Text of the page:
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How to change a news story’s angle to suit your audience


How to change a news story’s angle to suit your audience

Something we have plenty of experience in here at Engage Web is finding relevant news stories for our clients’ industries. The process usually starts by visiting sources we know to be reliable and searching Google News for keywords to do with the client.

You can’t always expect a nice, usable news story to be presented to you though, and it’s often not enough to simply take a story another source has written and put it into your own words. Sometimes, you need to do some work to tailor it around the target audience.

It’s best if we use an example to illustrate this. Let’s imagine you’re a plumber whose target audience is homeowners. Your website, and the blog on it, are primarily there to attract the domestic market, and encourage homeowners to give YOU a call or email about their leaking tap or malfunctioning shower.

Let’s say you’ve seen this article from the industry website PHAMnews.co.uk, in which plumbers are advised to take steps to assure customers they are following COVID-19 guidelines and working in a safe way.

The article is potentially something your audience would find interesting, useful and reassuring, but what you should remember is that your website and PHAMnews are targeting a different reader. PHAMnews is a website for plumbers and installers of heating and air conditioning units. You, on the other hand, are running a website for people who need these services, not people who provide them.

It’s therefore not really enough to just regurgitate the tone of the PHAMnews article. Your audience, being a homeowner, doesn’t need to be told what “homeowners need” as though they are the third party in the discussion. They will already know what they need, and want to know what you are doing to meet these needs. That means PHAMnews’ headline “Homeowners need COVID reassurance from installers” would be a fairly poor one if mimicked on your blog.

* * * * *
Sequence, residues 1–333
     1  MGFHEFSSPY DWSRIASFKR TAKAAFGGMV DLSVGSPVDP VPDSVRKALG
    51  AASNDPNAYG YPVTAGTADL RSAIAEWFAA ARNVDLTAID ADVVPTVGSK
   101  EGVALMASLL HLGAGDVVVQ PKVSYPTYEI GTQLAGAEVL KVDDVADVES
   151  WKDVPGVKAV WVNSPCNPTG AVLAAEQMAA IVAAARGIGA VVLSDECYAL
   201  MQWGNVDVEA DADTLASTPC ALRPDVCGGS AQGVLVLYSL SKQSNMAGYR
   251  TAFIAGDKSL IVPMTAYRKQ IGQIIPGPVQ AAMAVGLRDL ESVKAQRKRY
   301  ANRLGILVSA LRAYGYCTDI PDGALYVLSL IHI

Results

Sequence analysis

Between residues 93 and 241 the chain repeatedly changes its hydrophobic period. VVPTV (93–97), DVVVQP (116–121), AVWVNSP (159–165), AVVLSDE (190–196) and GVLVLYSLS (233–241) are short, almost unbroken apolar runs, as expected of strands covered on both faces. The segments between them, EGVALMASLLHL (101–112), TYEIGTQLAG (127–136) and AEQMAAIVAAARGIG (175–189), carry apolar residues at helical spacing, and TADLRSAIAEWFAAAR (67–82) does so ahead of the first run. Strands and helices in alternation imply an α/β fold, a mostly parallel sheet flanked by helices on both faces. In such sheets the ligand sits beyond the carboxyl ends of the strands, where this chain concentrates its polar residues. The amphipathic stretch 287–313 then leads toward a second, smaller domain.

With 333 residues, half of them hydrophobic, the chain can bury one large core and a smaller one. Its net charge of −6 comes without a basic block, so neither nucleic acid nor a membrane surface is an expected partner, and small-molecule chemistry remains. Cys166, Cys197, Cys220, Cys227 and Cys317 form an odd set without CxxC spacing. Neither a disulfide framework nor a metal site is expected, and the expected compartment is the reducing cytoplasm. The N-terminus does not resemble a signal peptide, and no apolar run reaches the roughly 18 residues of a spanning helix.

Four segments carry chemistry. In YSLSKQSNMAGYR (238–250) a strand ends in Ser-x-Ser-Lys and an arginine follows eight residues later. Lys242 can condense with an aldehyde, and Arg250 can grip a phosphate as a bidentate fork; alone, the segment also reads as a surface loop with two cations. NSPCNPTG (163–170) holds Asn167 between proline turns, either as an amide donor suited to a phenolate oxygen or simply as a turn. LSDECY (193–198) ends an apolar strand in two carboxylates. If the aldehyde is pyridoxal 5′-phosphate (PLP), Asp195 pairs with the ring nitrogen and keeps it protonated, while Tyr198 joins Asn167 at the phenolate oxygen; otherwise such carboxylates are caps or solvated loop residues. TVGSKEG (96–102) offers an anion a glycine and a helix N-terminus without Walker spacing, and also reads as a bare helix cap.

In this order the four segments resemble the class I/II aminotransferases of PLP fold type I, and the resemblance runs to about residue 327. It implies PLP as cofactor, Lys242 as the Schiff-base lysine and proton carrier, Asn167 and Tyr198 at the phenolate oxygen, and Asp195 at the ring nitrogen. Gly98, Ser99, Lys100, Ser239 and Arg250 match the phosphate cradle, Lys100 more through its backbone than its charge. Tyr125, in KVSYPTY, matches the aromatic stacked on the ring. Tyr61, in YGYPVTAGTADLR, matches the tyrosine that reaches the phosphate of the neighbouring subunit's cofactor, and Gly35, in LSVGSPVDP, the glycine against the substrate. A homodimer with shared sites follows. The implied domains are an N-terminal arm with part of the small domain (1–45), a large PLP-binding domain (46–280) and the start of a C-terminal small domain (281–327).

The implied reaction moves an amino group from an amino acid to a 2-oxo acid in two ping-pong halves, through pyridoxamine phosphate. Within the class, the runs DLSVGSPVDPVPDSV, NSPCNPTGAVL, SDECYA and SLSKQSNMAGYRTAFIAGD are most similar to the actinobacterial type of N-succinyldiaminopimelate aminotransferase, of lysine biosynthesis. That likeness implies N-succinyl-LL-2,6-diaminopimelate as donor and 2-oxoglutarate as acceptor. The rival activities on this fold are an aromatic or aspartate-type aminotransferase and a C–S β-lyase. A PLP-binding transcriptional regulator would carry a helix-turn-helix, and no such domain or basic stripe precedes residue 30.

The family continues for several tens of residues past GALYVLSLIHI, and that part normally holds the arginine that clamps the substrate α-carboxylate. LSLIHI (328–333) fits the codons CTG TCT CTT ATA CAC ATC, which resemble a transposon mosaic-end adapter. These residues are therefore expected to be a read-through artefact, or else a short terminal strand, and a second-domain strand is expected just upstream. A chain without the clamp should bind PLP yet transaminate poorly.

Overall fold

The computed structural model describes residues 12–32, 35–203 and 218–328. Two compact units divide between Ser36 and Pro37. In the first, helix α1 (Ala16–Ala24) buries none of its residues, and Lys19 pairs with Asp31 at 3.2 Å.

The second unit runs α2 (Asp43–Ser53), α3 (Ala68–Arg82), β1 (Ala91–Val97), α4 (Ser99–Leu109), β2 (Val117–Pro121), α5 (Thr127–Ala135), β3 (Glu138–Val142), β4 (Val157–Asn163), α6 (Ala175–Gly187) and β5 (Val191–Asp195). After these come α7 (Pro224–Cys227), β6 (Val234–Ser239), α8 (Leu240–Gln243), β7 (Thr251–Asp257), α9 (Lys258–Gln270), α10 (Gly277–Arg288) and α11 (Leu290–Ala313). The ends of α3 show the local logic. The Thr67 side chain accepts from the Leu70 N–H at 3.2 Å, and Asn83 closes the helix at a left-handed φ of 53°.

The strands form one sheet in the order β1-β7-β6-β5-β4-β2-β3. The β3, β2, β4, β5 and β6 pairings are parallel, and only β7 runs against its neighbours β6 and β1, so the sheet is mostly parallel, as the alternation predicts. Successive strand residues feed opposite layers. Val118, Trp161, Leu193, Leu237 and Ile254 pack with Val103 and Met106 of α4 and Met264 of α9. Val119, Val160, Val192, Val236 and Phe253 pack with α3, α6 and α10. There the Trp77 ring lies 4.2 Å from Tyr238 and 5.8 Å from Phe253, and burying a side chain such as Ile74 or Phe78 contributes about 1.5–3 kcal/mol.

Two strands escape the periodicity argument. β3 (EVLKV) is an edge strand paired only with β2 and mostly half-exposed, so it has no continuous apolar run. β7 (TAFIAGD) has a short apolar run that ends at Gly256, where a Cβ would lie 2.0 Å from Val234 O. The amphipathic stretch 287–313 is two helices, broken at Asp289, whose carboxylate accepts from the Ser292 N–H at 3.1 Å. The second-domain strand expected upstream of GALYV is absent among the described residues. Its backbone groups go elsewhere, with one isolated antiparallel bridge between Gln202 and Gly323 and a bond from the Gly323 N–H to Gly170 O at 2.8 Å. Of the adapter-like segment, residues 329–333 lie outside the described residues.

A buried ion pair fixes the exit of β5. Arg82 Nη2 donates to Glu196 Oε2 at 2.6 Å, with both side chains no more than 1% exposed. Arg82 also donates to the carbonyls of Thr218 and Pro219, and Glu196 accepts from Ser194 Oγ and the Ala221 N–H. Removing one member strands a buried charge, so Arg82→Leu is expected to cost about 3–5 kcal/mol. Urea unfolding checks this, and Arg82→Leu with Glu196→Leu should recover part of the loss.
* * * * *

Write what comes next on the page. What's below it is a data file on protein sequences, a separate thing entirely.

So, you need to change the angle. Flip the focus to tell the reader not what customers want from installers, but what installers are doing to address the demands of customers. Some ideas for a more suitable title could be:

“Plumbing industry acts to reassure customers of COVID compliance”

“How is the plumbing industry keeping practices COVID safe?”

This isn’t changing the basics of the story. It’s not making up or misrepresenting news, it’s simply altering the angle of it to make it of more interest to the target audience.

Something of a hot potato in news writing is the concept of editorialising, or presenting news in a way that gives your opinion rather than simply reports it. Journalistically, it’s a no-no, but as it’s your blog and you may be trying to write in a persuasive way, you may wish to provide some opinion or context. You might go on to describe what you are doing in relation to the story as a business, and end with a call to action.

As you can see, when blog writing, finding relevant news and sources is only half the job, so it makes sense to outsource content writing to trained writers and editors as part of a search engine optimisation (SEO) strategy. If you’d like to learn more about the benefits of this, why not contact Engage Web?

John Murray

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